The USPTO has proposed new rules that would require recordation of the “attributable owners” of patents and pending applications. Although current statute provides incentives for optionally recording assignments of patents and applications with the USPTO, the proposed rules, if adopted, would go beyond the current assignment recordation regime in requiring identification of interested parties other than just assignees, during prosecution of an application and at stages during the pendency of a granted patent, and abandonment when these requirements are not met.
The stated purposes of the proposed rules are “to increase transparency of the patent system, ensure the highest-quality patents, reduce abusive patent litigation and level the playing field for innovators . . . as well as to improve the incentives for future innovation, to enhance competition by providing the public with more complete information about the competitive landscape and technology marketplace by making patent ownership information more readily available, and to help the Office carry out its task of patent examination.” To achieve these goals, the rules would require identification of “attributable owners,” defined as “titleholders” (e.g., assignees), “enforcement entities”(i.e., those “necessary to be joined in a lawsuit in order to have standing to enforce the patent” such as exclusive licensees), “ultimate parent entities . . . i.e., the entity that ultimately controls the actions of any” titleholder or enforcement entity, and “hidden beneficial owners” who are “entities that are trying to avoid the need for their disclosure by temporarily divesting themselves of ownership rights through contractual or other arrangements . . . to discourage intentional shielding of such ownership interests.”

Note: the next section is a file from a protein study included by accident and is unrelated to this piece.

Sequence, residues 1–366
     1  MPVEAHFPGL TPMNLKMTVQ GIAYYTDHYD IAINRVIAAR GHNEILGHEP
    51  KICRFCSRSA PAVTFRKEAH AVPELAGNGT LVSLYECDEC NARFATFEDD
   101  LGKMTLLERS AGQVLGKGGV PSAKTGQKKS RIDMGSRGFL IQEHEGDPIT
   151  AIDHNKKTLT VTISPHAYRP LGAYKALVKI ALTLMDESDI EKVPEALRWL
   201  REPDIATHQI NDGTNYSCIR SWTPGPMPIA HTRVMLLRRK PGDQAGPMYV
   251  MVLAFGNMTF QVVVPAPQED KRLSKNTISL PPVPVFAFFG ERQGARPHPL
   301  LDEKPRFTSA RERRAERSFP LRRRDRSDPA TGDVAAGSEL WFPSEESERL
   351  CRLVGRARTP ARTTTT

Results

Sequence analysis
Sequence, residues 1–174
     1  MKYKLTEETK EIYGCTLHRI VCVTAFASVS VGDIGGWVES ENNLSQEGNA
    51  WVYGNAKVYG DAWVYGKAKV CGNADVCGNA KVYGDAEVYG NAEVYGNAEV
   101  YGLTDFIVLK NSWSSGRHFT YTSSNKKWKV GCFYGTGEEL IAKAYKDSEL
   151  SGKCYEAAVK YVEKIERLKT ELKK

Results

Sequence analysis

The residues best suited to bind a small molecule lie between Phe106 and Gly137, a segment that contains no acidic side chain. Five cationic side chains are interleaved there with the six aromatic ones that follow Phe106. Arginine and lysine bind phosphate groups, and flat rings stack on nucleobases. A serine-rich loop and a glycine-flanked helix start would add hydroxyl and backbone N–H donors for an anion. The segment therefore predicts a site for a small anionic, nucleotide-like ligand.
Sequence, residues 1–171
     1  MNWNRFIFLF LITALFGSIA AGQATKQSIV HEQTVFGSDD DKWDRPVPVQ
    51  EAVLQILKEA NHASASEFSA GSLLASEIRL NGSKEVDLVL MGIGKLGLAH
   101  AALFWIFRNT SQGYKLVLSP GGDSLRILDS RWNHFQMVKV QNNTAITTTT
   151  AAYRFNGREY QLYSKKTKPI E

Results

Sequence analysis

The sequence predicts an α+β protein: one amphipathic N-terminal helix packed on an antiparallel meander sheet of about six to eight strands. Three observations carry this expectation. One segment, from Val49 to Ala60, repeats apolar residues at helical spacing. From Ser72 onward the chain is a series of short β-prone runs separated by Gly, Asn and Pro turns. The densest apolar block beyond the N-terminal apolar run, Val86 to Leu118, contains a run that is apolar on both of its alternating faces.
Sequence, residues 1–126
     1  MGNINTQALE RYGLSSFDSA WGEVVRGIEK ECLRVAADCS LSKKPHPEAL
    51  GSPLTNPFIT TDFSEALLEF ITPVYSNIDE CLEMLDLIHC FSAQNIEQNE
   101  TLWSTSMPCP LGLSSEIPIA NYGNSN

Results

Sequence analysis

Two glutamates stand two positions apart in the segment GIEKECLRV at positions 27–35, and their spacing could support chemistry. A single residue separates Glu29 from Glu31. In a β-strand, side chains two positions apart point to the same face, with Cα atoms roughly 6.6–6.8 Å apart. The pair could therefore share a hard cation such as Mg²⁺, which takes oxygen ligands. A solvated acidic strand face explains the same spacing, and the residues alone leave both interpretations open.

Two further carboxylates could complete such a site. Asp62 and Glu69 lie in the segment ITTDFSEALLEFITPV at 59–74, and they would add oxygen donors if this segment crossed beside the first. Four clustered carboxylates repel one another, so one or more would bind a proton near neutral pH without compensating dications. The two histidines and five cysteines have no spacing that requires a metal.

Such entities would need to be disclosed during prosecution at the time of filing, and updated within three months of any changes during prosecution and when the issue fee is paid. Failure to meet these requirements would result in abandonment of the application. For issued patents, disclosure would be required with payment of maintenance fees and with the commencement of various post-grant proceedings at the PTAB. Given the burdens these rules would impose on applicants and patentees if adopted, opposition is likely to be strong, such as that they exceed the USPTO’s procedural rulemaking authority.
Written comments received by March 25, 2014 will be considered by the USPTO when deciding adoption of the rules. Comments can be given by email (AC90.firstname.lastname@example.org), postal mail (Mail Stop Comments-Patents Commissioner for Patents, P.O. Box 1450, Alexandria, VA 22313-1450 Attention: James Engel, Senior Legal Advisor, Office of Patent Legal Administration, Office of the Deputy Commissioner for Patent Examination Policy) or by the Federal eRulemaking Portal.